And so Woof and Brew doesn't get its trademark and has to pay the consortium nearly $3,000 for costs incurred in opposing the trademark. All for a trademark conflict that the IPO itself admits contains no risk for confusing the public consumer.And they say trademark laws are broken.

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posted at: 12:00am on 25-May-2018
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Report On Milwaukee PD Body Cams Show Fewer Complaints, Fewer Stops, But No Reduction In Use Of Force

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The Milwaukee PD is (or was) staring down the barrel of a DOJ consent decree for its unconstitutional policing (mainly stop-and-frisk) and routine deployment of excessive force. This is among the many concerns brought to light last year by the DOJ's draft report on the department.

The Milwaukee Police Department fails the community and its own officers by not communicating clearly, making too many traffic stops and applying inconsistent standards when disciplining officers, according to a draft of a federal report obtained by the Milwaukee Journal Sentinel.The draft report offers a particularly damning critique of Chief Edward Flynn's reliance on data, a signature component of his strategy since he took over the department in 2008. Federal evaluators found this approach is having a damaging, if unintended, effect on police-community relations.“MPD’s attention to crime data has distracted the department from the primary tenet of modern policing: trust between law enforcement agencies and the people they protect and serve,” the draft report states.
The DOJ also found officers had no idea what community policing entailed, suggesting it only applied to other officers officially designated as community liaisons. The DOJ highlighted the disconnection between the MPD's statements and actions on community policing using this depressing anecdote.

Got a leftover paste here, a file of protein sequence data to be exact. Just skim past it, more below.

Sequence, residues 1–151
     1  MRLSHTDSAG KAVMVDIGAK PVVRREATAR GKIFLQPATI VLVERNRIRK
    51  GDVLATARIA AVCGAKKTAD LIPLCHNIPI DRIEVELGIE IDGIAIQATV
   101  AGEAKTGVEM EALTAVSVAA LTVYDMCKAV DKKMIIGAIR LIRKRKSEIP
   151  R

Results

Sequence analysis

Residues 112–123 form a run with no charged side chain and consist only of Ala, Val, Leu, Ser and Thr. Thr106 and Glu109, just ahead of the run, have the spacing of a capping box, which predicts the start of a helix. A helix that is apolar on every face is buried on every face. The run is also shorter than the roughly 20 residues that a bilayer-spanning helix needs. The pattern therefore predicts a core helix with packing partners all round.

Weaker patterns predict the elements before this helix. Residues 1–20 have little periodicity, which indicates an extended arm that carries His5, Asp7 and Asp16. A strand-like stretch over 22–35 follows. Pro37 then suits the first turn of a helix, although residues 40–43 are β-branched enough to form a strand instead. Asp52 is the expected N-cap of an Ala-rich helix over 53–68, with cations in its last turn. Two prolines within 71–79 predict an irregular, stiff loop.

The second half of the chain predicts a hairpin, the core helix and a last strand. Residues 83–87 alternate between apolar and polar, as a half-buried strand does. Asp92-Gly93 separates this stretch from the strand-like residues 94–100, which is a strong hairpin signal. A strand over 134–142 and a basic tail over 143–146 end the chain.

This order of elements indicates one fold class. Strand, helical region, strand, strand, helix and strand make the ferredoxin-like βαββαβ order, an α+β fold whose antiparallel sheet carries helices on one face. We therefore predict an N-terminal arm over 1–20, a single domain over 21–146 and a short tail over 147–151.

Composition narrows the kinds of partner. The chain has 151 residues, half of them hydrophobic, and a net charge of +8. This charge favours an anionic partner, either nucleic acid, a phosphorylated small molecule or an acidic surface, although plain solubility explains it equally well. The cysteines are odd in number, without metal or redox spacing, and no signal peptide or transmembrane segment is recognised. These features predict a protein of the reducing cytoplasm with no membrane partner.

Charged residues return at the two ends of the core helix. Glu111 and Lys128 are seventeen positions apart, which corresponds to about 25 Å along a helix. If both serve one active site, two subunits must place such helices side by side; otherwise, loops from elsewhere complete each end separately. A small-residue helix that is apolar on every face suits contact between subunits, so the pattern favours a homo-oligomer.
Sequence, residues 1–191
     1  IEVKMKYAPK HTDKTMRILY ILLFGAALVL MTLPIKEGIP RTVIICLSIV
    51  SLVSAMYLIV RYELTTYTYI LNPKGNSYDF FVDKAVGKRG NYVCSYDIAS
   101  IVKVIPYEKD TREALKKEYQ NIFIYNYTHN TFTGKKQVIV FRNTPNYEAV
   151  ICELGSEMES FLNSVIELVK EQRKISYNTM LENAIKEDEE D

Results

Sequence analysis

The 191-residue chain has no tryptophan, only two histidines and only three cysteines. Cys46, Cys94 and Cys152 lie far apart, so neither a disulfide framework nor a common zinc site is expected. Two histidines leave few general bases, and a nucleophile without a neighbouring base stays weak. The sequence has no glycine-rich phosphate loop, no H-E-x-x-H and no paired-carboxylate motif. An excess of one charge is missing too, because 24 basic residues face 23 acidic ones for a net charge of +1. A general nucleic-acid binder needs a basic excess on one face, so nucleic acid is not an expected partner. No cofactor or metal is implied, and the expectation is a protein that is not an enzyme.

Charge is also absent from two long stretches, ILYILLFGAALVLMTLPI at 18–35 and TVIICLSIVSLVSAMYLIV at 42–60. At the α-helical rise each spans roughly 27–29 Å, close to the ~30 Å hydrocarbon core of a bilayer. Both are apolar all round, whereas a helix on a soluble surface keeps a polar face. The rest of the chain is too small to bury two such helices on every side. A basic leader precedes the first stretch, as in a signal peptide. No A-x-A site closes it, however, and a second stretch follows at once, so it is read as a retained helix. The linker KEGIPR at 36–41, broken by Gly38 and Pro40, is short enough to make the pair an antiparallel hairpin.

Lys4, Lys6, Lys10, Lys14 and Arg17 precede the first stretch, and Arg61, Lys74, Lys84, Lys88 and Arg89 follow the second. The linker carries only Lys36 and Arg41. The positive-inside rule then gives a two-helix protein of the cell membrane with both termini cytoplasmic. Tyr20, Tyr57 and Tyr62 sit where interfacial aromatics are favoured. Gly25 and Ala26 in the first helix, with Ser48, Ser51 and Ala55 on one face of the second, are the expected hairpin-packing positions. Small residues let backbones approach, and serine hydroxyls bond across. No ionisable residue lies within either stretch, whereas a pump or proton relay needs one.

[T]he Milwaukee Police Department doesn’t have a strategic plan for community policing or a set of guidelines regarding it, the draft report says. And department-wide training on how to implement the strategy has not been offered in years.Federal evaluators highlighted one example of an attempt at community engagement that fell flat.Officers held a roll-call, or shift change, outside a Milwaukee school. The stated purpose was to let kids know officers wanted them to have a safe summer. The problem? There were no kids in sight, not even student leaders.The evaluators noted the event may even have sent the wrong message: That the students on summer break were a problem, and the police planned to deal with them.
This draft may never coalesce into an official report. AG Jeff Sessions' full-blooded support for law enforcement includes allowing them to be a law unto themselves by killing off DOJ investigations of misbehaving police forces. What's in the draft report is damning, but it will probably remain a draft in perpetuity.The PD's responsiveness to community unhappiness did at least result in one change: a pilot program equipping officers with body cameras. Unfortunately, the cameras appear to have done little to address one community complaint.
Milwaukee police officers with body cameras made fewer stops and were less likely receive a citizen complaint, a new study has found.But when it comes to use of force — the primary reason residents clamored for officers to use the cameras — it didn't matter if officers had the cameras or not. They used force at roughly the same rates.